State witnesses a high incidence of oral cancers attributed to tobacco consumption:Dr. Lana

Shillong, May 29:  World No Tobacco Day (WNTD) is an important event which is observed every year on the 31st May to spread awareness on the tobacco epidemic and the preventable death and disease it causes and what the people can do to claim their right to health and healthy living and protect future generation.

This year’s event focus on educating our youth about the dangers of tobacco use and promoting a Tobacco Free environment In India, tobacco consumption remains a significant public health concern, this day holds particular significance.

It serves as a reminder to the nation to evaluate progress, reinforce efforts, and strive for a tobacco-free society. In Meghalaya, 47% of adults (age 15+) [Global Adult Tobacco Survey, 2017] and 33.6% of youths (aged 13-15) [Global Youth Tobacco Survey, 2021] consumes tobacco (smoke and/or smokeless).

The consequences of tobacco use in Meghalaya are reflected in the burden of tobacco-related diseases. The State witnesses a high incidence of oral cancers, respiratory disorders, and cardiovascular diseases which are directly attributed to tobacco consumption.

Tobacco related deaths in the State exceed 8,000 per annum. The health impact is not limited to individuals alone but extends to families and communities, placing a strain on healthcare resources and hindering overall well-being and progress.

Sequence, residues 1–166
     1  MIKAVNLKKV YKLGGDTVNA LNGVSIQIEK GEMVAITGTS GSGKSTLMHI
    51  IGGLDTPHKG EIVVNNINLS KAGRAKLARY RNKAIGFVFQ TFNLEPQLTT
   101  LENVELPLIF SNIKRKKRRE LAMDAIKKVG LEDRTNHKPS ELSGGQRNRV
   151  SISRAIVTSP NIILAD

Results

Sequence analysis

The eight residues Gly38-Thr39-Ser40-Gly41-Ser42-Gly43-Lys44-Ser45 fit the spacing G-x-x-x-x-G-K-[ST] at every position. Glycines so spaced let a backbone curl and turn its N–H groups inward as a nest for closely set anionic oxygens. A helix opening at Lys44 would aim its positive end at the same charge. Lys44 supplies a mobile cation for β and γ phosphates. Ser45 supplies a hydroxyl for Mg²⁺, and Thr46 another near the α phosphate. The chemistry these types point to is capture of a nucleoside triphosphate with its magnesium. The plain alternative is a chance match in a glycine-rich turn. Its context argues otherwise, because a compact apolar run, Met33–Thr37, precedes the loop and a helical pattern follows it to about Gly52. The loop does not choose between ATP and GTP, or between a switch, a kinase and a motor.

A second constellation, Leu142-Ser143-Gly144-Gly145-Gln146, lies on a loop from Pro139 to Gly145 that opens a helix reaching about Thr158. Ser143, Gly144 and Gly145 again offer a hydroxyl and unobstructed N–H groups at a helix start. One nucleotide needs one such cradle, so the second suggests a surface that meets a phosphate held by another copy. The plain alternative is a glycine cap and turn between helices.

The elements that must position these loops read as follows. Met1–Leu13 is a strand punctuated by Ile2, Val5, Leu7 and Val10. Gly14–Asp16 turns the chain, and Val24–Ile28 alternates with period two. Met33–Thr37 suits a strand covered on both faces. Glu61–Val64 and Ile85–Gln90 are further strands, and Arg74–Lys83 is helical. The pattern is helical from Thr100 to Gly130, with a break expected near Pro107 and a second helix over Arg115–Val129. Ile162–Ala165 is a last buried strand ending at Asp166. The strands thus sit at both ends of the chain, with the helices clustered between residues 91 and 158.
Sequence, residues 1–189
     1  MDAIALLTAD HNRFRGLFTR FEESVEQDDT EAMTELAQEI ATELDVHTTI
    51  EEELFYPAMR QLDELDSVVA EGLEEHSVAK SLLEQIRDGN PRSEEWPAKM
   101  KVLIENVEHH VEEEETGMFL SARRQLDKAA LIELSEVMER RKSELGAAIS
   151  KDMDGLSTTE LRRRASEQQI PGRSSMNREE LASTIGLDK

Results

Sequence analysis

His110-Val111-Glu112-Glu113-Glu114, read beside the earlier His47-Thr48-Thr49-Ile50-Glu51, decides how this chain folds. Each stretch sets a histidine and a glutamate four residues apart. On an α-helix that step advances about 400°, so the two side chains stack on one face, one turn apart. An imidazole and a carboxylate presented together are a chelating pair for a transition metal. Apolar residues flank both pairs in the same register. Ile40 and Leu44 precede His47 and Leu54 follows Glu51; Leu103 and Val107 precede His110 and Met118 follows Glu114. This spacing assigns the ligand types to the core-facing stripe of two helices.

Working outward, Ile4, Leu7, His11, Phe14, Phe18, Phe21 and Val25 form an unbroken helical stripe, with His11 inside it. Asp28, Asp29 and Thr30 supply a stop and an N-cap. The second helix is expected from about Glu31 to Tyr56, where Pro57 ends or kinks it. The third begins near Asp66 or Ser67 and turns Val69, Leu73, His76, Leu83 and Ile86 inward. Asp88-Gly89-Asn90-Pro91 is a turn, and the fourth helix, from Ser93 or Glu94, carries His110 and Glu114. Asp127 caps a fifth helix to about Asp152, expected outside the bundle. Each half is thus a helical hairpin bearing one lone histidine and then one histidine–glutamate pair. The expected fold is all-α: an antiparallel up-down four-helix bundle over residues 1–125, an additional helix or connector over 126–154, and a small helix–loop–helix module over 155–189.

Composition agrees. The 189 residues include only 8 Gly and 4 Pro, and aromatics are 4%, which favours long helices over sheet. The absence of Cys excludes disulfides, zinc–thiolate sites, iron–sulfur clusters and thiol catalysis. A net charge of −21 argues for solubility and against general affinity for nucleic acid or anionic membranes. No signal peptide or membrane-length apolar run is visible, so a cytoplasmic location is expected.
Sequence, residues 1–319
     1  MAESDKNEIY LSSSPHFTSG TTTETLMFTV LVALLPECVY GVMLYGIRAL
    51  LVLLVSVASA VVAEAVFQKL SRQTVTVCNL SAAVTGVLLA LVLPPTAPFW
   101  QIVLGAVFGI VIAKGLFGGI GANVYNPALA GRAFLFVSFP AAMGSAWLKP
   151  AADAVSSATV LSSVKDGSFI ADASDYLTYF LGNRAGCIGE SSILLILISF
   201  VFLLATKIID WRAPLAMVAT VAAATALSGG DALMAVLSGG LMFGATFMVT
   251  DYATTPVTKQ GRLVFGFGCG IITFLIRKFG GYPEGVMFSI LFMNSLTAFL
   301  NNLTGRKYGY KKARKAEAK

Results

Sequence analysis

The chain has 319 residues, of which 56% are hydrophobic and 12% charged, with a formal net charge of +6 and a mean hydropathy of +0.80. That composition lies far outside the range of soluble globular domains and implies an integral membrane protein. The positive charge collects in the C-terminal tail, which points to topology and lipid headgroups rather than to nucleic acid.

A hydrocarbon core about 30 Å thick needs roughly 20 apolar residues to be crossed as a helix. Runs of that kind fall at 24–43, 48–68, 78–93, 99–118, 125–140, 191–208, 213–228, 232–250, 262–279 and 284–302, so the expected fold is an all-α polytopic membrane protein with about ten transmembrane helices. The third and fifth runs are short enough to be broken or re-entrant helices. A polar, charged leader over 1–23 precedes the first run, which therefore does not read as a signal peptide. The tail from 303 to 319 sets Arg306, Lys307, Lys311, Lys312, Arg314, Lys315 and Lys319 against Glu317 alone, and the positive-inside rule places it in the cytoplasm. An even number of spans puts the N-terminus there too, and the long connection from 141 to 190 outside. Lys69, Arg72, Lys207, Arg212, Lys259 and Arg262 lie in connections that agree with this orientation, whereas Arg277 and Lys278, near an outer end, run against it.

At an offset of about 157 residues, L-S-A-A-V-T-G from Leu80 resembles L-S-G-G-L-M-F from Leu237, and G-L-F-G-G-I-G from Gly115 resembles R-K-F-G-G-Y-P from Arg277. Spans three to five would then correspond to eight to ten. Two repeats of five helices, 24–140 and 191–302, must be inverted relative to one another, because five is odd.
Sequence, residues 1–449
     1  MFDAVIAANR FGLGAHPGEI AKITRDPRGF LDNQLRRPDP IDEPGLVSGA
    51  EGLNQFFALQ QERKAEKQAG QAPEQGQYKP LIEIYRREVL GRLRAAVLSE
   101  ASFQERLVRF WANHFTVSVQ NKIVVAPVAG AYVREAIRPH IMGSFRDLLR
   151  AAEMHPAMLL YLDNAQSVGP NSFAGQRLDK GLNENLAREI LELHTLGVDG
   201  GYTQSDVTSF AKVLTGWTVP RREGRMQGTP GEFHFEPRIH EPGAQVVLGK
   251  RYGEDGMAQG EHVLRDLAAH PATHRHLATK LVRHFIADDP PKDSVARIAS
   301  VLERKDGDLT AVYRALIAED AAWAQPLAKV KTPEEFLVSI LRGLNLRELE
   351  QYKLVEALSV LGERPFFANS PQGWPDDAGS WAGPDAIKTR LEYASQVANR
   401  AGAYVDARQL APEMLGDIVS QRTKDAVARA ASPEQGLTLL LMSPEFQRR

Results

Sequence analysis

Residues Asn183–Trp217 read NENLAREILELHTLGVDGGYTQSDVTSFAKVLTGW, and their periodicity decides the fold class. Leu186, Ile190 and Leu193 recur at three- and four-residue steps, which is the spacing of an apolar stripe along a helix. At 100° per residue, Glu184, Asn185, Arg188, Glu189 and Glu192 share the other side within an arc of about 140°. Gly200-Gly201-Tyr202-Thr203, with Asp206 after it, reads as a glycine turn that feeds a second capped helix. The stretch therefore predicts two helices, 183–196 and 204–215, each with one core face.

As we mark World No Tobacco Day in 2023, it is crucial to address this issue head-on and work towards implementing effective strategies to combat tobacco use in the Country and specially in Meghalaya. Addressing the tobacco problem in Meghalaya requires a comprehensive approach.

Children are a major target for tobacco industry. Studies show that 90% of tobacco users start during ages 10 to 22 years. Once addicted, the chances of giving up are less than 5% – throughout their life.

Hence, the Tobacco Free Educational Institutions (ToFEI) program, a comprehensive intervention to bring about behaviour change in the youths towards tobacco, was implemented in the State.

Meghalaya is using a holistic approach to tobacco control and in addition to ToFEI, strict enforcement of tobacco control laws, such as the Cigarettes and Tobacco Products Act, 2003 (COTPA) which prohibits smoking in public places, regulating tobacco advertising, and preventing accessibility of tobacco products to minors is being done in close coordination with the Police and District Administrations.

Creating smoke-free environments is a critical aspect of tobacco control. Workplaces, public spaces, and educational institutions should strictly enforce smoke-free policies to protect nonsmokers from second-hand smoke.

Sale of tobacco products within 100 yards of educational institutions and Smoking in Public Places is banned and police are taking strict action against violators.

On this World No Tobacco Day, let us recognize the challenges faced by Meghalaya and renew our commitment to combat the tobacco problem in the state.

By empowering individuals, strengthening tobacco control policies, and investing in comprehensive tobacco cessation programs, we can create a healthier and tobacco-free Meghalaya for generations to come. Dr. Lana E. Lyngdoh Nongbri SNO, NTCP – NHM


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